In the Early Modern period, broadsides were the most common form of printed material. These single sheets of text could be produced quickly and cheaply, and were thus the ideal media for many purposes, including advertisement, entertainment, propaganda, and the dissemination of local and national news.
At a penny apiece, even the poorest could afford them. They were passed around among neighbors and pasted on walls as economical decoration.
During the 1660s, when broadside production was at its peak, print shops in London and the other large cities of Britain churned out over 400,000 copies a year.
Such documents were not designed to last. Despite their immense popularity, therefore, relatively few survive today. Many of the titles in Houghton Library’s large broadsides collection are very rare, some existing only in a single remaining copy.
Over the years, Houghton has acquired several significant groups of broadsides amassed by individual collectors. Three of them, the Bute, Huth, and Percy collections, are particularly noteworthy.
The Bute Broadsides
John Patrick Crichton-Stuart, the third marquess of Bute (1847–1900), assembled his collection of broadsides around the year 1892. The collection was acquired in its entirety in 1951, thanks to a gift from Curt H. Reisinger. It comprises approximately 500 broadsides, each inlaid or pasted in one of five large portfolios.
The contents are arranged in a rough chronological sequence, beginning with several pre-1600 copies. The vast majority of the broadsides date from the 17th century, although there are a few 18th-century sheets as well.
The subjects treated are wildly variable. Some are not especially topical: they include astrological tables, guides to Scripture, advertisements for elixirs, and reports of unusual or monstrous animals. Others more closely reflect changing political, economic and social concerns. Multiple statements of grievance from Quakers reveal the struggles of the minority religious sect. The evils of “popery” were a perennially popular subject, and tracts from the late 1700s describe battles between government forces and the Jacobite rebels. Around a dozen broadsides are devoted to the plague of 1665.
The tone of these texts ranges from very earnest (in the case of the more pious works) to scathingly satirical. What they almost all share in common is a presentation designed to catch the eye. Printers frequently used a variety of typefaces on a single page, and the text is almost always paired with two to five woodcut illustrations. These were sometimes made specifically to accompany an announcement, but more often chosen from a set of stock illustrations.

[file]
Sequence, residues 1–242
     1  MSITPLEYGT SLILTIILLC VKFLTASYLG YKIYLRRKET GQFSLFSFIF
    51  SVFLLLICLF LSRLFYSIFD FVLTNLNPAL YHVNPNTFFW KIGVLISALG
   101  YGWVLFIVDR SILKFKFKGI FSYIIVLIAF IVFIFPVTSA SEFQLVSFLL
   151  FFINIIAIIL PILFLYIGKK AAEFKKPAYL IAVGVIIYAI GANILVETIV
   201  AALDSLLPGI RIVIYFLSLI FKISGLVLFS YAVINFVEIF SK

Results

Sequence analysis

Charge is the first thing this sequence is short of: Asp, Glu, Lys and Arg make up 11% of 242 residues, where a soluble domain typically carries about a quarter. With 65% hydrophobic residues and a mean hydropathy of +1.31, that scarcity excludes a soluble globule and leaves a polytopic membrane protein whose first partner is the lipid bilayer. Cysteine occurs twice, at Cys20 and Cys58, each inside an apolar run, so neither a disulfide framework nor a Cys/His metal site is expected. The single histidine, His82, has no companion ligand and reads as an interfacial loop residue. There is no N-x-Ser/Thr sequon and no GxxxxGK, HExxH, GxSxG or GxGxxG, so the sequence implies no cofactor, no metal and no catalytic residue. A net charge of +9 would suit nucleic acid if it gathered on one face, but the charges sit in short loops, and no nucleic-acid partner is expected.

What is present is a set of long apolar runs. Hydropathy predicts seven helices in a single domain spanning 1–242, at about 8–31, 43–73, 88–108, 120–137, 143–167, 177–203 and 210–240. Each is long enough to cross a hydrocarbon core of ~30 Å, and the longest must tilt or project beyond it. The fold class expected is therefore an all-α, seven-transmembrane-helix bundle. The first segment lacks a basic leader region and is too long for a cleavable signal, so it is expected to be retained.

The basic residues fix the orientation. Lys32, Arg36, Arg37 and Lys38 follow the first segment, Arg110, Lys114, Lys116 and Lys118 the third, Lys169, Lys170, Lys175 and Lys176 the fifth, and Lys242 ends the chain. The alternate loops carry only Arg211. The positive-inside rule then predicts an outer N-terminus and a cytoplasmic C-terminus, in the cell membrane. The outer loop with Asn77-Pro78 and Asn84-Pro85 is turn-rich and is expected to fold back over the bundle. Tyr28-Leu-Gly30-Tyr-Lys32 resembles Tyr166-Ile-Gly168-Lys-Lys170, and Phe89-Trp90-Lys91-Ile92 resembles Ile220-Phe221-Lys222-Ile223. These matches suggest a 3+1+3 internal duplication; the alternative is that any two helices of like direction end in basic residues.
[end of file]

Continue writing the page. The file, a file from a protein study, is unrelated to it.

The Huth Broadsides
Houghton holds two volumes of broadsides from the library of Henry Huth (1815–1878) and his son Alfred (1850–1910).
Whereas the Bute broadsides are mostly prose pieces, the Huth broadsides (around 320 in all) are all ballads. A ballad broadside typically features a set of lyrics, several illustrations, and an indication of the tune to which it is sung. Ballad broadsides formed an important link between the oral popular music tradition and the new era of printed communication. Sold in stalls and by peddlers who would advertise their wares in song, they provided fodder for performances in all sorts of venues, from pubs to manor houses.
The Huth broadsides are almost all from the 17th century, the heyday of the British ballad, and are printed in the black-letter (gothic) typeface that had otherwise all but gone out of use at that time.
Dominant themes include infidelity, doomed romance, and clever deceits. Many are laden with sexual innuendo, and very few could be described as pious. A number of them explicitly reference historic events, such as the exploits of the Scottish folk hero John Armstrong, the struggles of the royal rebel James, Duke of Monmouth, and the execution of Charles I.
The Percy Broadsides
Thomas Percy, Bishop of Dromore (1729–1811), didn't simply collect ballad broadsides; he was a crucial figure in preserving the history of the ballad form through his 1765 publication of Reliques of Ancient English Poetry.
This work, a collection of ballads that greatly influenced Burns, Coleridge, and Wordsworth, was based primarily on a manuscript folio now in the British Library. However, Percy also drew from printed broadsides, and 321 of his broadsides are now at Houghton, along with six boxes of transcriptions and correspondence related to the collection.
Most of Percy’s broadsides were published in the second half of the 18th century, and there are several interesting differences between them and the earlier ballad broadsides of the Huth collection. For one thing, the Percy broadsides are almost all printed in roman type, a form closer to the typefaces in use today. For another, many of the Percy broadsides were printed by the Dicey family, who introduced a number of innovations to ballad preparation and marketing. One such novelty was the insertion of a preamble that purported to “give insight into…the time when such songs were made.” Such introductions tended to present the ballads as nostalgic relics from a simpler time.
Finally, many of the Percy broadsides bear his editorial marks, and so help to reveal how the Reliques was composed.
Accessing These Materials
Access to original copies of the broadsides in these collections requires permission of the curator, due to their fragility, but digital and/or microform reproductions are available for most of the broadsides.
Digital versions of the Huth broadsides are available via HOLLIS, under the call number EBB65H.
Thomas Percy’s broadsides may be found under the call number EB75 P4128c.
The Harvard Law School Library has a fully digitized collection of British crime broadsides, described here.
Houghton is part of the English Broadside Ballad Archive digitization project.